Physical Therapist vs. Physical Therapist Assistant: What’s the Difference?

In most healthcare facilities there is a team of providers that work together to help make you feel better. Physical Therapy is no different! At Physical Therapy Consultants we have a great TEAM of providers that will help you recover and get back to the things you love to do! Everyone from the front desk specialists, physical therapists (PTs), physical therapist assistants (PTAs), athletic trainers (ATs), and massage therapists work together to create the perfect plan for you! But what’s the difference between a PT and a PTA?!? They seem to do the same things and you receive great care from
both! This is awesome because that means you get better faster because it doesn’t matter who you see! Let’s break it down a little bit.

Schooling

Physical Therapist (PTs): All Physical Therapist programs now are clinical doctorate degrees (Yes that means you can call us Dr! No that means you don’t have to! 😊 ) PTs have bachelor’s degrees where they have to complete pre-requisite classes in anatomy, physics, psychology, etc. to prepare for graduate school. Following their bachelor’s degree, graduate school is required. Programs vary in length but are usually around 3 years with hands on internships mixed in. That means total schooling for a PT is 7 years of college. Followed by a licensure exam which is one everything learned in school, prior to becoming a licensed physical therapist and treating patients.

Physical Therapist Assistant (PTAs): Physical Therapist Assistant programs are associates degrees. PTAs have to complete pre-requisite courses in anatomy, physics, psychology etc., just like PTs do. The PTA programs vary in length, but is usually about 2.5 years. Many PTAs have a bachelor’s degree and then get their PTA degree. PTAs also complete hands on internships throughout their schooling. Total schooling for a PTA is usually about 4 years with pre-requisite classes (longer if they get their bachelor’s). PTAs also have to compete a licensure exam, prior to becoming a licensed physical therapist assistant and treating patients.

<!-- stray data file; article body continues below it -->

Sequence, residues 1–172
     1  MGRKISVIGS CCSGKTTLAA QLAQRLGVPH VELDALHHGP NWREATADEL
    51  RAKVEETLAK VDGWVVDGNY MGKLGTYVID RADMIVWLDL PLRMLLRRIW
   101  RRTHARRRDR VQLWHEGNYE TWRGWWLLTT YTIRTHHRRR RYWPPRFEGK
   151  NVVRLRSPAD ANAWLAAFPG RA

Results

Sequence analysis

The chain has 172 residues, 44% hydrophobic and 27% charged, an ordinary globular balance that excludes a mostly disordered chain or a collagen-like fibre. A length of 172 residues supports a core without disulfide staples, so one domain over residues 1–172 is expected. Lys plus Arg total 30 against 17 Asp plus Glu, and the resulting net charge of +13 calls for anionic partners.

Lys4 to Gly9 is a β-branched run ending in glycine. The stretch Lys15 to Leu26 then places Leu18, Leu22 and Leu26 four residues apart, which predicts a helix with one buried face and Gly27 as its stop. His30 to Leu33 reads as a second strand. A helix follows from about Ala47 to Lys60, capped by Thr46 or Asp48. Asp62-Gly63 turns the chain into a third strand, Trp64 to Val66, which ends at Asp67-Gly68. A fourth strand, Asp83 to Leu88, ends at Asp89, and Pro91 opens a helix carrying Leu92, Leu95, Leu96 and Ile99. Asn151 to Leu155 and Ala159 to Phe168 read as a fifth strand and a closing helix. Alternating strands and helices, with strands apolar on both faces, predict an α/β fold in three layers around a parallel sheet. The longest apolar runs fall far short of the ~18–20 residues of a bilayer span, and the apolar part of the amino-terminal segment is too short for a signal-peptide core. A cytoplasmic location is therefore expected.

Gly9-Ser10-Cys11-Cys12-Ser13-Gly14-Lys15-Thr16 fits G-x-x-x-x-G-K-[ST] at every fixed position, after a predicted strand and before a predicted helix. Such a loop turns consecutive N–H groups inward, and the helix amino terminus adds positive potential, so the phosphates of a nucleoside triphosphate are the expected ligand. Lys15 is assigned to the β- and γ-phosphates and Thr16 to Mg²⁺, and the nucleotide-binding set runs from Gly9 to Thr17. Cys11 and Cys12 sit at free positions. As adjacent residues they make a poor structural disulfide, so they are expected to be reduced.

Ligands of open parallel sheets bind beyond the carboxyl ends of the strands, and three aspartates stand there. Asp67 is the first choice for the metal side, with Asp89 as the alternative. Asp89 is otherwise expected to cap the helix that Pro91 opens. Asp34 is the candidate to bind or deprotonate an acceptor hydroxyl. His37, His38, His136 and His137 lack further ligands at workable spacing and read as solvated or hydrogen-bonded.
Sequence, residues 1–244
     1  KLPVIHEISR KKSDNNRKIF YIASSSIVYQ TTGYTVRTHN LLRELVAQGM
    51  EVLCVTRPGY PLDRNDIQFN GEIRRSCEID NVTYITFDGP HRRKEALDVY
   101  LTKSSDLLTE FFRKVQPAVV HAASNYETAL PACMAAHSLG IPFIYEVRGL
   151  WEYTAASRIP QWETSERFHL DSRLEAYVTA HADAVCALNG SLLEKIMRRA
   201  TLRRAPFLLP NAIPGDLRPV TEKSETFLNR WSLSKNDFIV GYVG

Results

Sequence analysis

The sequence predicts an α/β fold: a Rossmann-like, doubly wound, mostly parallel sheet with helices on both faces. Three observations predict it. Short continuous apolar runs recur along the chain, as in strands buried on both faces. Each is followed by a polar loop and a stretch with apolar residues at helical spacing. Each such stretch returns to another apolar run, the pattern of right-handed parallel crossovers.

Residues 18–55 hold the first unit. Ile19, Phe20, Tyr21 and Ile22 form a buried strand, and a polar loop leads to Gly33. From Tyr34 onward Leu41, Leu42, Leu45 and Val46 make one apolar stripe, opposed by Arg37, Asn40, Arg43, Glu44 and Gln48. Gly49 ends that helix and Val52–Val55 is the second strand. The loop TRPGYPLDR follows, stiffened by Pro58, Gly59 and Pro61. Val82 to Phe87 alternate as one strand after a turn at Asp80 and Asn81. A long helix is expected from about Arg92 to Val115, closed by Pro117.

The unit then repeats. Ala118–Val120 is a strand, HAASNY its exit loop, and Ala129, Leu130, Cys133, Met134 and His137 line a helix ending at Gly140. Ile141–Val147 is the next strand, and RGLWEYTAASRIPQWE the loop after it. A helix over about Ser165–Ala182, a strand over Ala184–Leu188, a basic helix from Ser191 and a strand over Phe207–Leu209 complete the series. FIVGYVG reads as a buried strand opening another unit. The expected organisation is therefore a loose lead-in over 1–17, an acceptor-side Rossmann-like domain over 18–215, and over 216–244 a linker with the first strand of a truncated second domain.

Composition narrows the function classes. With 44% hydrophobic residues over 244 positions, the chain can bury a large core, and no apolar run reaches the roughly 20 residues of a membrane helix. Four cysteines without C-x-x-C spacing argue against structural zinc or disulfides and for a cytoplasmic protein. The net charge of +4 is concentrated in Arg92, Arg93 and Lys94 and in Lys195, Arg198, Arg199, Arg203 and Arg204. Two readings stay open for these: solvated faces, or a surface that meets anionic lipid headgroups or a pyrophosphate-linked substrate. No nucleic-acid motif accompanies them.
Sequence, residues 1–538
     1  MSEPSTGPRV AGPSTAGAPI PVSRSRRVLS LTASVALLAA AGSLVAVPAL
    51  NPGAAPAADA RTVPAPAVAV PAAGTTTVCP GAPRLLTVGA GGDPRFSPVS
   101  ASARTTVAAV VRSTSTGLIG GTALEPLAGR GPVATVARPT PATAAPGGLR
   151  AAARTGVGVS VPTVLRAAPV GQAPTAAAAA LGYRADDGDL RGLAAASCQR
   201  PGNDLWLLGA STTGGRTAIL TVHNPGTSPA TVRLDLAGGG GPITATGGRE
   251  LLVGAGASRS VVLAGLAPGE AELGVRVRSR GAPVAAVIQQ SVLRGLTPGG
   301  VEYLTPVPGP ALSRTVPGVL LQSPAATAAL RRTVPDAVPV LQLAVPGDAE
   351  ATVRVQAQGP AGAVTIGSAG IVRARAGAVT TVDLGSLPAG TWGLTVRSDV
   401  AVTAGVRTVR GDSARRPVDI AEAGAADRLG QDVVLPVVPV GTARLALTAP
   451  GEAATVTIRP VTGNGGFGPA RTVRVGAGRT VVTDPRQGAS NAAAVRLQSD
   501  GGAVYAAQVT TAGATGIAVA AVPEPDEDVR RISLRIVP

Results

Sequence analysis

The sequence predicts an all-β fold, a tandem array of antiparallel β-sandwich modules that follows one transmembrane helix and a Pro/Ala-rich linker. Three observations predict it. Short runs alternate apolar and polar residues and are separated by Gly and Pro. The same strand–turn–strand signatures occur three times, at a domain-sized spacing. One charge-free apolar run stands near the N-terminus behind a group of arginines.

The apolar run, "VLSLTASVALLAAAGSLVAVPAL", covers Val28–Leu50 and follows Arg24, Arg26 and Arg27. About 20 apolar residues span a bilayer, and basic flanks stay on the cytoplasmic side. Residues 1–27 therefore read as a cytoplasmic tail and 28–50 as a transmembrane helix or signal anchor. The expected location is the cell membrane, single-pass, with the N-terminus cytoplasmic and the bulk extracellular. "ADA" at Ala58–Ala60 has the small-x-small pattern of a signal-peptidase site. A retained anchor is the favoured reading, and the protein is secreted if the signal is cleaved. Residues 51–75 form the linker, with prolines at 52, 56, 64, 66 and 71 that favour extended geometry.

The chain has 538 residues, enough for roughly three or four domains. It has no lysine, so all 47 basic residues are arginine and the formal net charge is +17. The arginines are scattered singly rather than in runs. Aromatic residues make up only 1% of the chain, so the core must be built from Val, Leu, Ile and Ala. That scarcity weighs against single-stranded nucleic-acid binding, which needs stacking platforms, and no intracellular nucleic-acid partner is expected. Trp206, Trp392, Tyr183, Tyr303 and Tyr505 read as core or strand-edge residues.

Treatment

Physical Therapist: PTs are the only ones that can complete initial evaluations (your first visit) and establish a plan of care for the rest of your treatment sessions. Physical therapists make goals based on their findings, to help you get back to the things you love. They also determine when goals need to be updated or changed based on progress through treatments. Physical therapists are the only ones that can perform dry needling (in a PT clinic) and manipulations. Otherwise, they treat you individually to improve ROM, strength, and decrease pain, so it’s no longer interfering with your daily life.

Physical Therapist Assistant: PTAs follow the plan of care established on the first visit. They can perform all components of a treatment session including manual therapy, exercises, and modalities such as taping, ultrasound, and electrical stimulation. If a PTA thinks that a patient could benefit from a certain type of treatment, but it’s not currently being performed, they must get permission from the PT before starting it. PTAs can take measurements for progress notes to help the PT determine progress toward goals. PTAs can’t perform manipulations, but they can perform mobilizations and dry needling.

I hope this helps clear up the differences in the two professions. The best part is each member of our AWESOME TEAM, will do everything they can to get you feeling better as soon as possible! If you are interested in learning more about PT as patient or a career or are interested in a job shadow give us a call at 1-888-THERAPY.

Rebecca Varoga, PT, DPT
Physical Therapist
Isanti Physical Therapy

October 24th, 2019

Posted In: General

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